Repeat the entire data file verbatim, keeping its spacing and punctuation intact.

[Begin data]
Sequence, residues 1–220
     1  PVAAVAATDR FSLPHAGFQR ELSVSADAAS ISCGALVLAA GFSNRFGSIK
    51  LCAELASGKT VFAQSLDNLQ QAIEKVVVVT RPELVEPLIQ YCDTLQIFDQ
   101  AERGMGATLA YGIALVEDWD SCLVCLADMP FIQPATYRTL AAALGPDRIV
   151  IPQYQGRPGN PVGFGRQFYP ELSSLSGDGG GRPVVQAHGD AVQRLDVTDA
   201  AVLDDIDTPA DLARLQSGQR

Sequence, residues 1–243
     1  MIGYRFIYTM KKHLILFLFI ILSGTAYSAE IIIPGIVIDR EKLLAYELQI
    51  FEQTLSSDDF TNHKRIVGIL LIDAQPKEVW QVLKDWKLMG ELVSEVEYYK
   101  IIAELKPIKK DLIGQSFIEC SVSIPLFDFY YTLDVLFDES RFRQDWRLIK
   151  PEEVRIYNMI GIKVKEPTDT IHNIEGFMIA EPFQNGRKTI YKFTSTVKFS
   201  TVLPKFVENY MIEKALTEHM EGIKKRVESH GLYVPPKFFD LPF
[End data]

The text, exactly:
Sequence, residues 1–220
     1  PVAAVAATDR FSLPHAGFQR ELSVSADAAS ISCGALVLAA GFSNRFGSIK
    51  LCAELASGKT VFAQSLDNLQ QAIEKVVVVT RPELVEPLIQ YCDTLQIFDQ
   101  AERGMGATLA YGIALVEDWD SCLVCLADMP FIQPATYRTL AAALGPDRIV
   151  IPQYQGRPGN PVGFGRQFYP ELSSLSGDGG GRPVVQAHGD AVQRLDVTDA
   201  AVLDDIDTPA DLARLQSGQR

Sequence, residues 1–243
     1  MIGYRFIYTM KKHLILFLFI ILSGTAYSAE IIIPGIVIDR EKLLAYELQI
    51  FEQTLSSDDF TNHKRIVGIL LIDAQPKEVW QVLKDWKLMG ELVSEVEYYK
   101  IIAELKPIKK DLIGQSFIEC SVSIPLFDFY YTLDVLFDES RFRQDWRLIK
   151  PEEVRIYNMI GIKVKEPTDT IHNIEGFMIA EPFQNGRKTI YKFTSTVKFS
   201  TVLPKFVENY MIEKALTEHM EGIKKRVESH GLYVPPKFFD LPF